Under Federal Rules of Evidence Rule 801(d) (2) (E), "a statement is not hearsay if ... [t]he statement is offered against a party and is...a statement by a coconspirator of a party during the course and in furtherance of the conspiracy." In order for the government to avail itself of the co-conspirator exception of the hearsay rule, it must show by a preponderance of the evidence that a conspiracy existed, that the defendant against whom the hearsay is offered was a member of the conspiracy and that the hearsay statement was made in the course and in the furtherance of the conspiracy. United States v. Vinson, 606 F.2d 144, 152 (6th Cir. 1979). This three-tiered review is known as an "Enright finding." See United States v. Enright, 579 F.2d 980 (6th Cir. 1978).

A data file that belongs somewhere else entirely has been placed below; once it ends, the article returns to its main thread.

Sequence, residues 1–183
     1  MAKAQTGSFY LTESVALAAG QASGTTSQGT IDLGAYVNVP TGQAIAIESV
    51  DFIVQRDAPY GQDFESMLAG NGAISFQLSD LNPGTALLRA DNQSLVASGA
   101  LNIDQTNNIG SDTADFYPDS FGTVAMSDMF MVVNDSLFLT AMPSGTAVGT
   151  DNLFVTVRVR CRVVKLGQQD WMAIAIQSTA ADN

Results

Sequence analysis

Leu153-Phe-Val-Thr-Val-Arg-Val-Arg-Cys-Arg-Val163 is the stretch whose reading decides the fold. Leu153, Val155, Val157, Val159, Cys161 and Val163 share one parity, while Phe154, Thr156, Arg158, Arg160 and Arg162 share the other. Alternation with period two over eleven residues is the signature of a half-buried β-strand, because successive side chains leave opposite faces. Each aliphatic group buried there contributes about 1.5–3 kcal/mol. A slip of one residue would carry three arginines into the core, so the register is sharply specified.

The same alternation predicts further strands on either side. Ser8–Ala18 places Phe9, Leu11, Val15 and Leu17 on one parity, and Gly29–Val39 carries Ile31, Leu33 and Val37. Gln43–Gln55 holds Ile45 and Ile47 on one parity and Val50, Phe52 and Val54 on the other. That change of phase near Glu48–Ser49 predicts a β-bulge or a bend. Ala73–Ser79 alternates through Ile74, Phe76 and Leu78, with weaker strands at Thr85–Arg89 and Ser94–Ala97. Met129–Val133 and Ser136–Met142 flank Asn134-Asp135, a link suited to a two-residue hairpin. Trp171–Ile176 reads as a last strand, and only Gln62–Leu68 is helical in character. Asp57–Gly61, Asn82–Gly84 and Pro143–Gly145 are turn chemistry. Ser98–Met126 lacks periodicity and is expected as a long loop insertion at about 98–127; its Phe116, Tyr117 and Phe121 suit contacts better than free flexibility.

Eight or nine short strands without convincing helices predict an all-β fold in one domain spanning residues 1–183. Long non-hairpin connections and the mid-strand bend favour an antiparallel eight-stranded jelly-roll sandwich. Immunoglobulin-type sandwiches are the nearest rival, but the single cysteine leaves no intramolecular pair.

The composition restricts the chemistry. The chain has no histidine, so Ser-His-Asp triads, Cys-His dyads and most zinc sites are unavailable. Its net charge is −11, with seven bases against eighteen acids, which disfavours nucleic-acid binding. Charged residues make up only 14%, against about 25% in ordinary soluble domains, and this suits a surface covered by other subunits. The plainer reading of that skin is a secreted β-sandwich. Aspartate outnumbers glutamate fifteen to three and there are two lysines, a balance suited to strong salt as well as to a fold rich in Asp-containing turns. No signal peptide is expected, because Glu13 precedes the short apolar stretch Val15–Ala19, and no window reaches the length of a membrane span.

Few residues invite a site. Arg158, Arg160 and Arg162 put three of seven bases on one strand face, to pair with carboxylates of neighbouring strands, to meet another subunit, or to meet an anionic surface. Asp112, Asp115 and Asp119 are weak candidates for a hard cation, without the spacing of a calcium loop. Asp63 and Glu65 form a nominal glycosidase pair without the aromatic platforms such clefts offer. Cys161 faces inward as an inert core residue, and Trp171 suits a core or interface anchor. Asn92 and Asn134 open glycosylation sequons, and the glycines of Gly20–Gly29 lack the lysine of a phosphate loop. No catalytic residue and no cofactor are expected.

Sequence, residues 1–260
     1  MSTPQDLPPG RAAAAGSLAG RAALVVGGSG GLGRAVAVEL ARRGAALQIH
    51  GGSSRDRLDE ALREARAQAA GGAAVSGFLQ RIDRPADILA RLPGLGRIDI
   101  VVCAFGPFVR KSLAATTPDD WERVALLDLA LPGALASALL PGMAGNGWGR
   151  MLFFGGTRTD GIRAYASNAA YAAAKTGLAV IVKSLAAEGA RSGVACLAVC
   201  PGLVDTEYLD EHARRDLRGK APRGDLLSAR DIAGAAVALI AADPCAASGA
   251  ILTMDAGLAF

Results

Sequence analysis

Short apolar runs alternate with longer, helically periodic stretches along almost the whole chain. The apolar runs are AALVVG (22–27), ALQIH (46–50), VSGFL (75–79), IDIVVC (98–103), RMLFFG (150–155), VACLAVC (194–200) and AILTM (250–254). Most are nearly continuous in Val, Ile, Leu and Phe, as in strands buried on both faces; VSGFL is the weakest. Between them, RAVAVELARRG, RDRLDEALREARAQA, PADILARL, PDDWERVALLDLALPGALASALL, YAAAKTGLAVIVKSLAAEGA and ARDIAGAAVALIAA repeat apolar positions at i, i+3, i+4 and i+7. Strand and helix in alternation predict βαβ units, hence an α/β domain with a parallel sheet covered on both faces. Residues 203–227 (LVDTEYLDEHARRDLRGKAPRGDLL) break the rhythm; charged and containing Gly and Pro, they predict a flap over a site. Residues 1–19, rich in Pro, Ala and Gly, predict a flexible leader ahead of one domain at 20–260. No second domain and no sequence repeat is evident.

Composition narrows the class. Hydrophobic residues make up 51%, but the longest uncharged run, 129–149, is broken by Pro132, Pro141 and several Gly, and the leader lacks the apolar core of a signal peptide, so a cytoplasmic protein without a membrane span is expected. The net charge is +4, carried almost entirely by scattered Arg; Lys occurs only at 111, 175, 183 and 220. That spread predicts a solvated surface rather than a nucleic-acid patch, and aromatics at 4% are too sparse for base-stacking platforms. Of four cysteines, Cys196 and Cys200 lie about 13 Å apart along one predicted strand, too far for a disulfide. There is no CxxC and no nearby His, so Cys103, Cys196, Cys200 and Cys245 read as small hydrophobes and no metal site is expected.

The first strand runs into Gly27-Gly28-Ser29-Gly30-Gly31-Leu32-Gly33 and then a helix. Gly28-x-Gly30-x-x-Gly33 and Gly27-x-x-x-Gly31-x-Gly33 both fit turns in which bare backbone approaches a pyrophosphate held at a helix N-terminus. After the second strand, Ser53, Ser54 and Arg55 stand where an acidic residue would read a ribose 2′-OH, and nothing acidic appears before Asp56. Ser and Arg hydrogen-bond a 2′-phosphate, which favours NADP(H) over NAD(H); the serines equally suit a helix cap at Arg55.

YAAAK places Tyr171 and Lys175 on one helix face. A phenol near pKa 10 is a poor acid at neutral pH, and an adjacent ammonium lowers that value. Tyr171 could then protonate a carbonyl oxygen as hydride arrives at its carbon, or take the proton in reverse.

The Sixth Circuit approves of three alternative methods by which a district court can make a determination as to the admissibility of hearsay statements under the coconspirator exception to the hearsay rule: (1) conduct a pretrial mini-hearing outside the presence of the jury and listen to the proof of the conspiracy, (2) require the government to produce non-hearsay evidence during the course of trial before making the necessary finding, and (3) admit the hearsay statements subject to a later demonstration of their admissibility. Vinson, 606 F.2d at 152-53. While all three methods for making an Enright finding are valid, the Sixth Circuit has criticized the first alternative as burdensome, time consuming and uneconomic.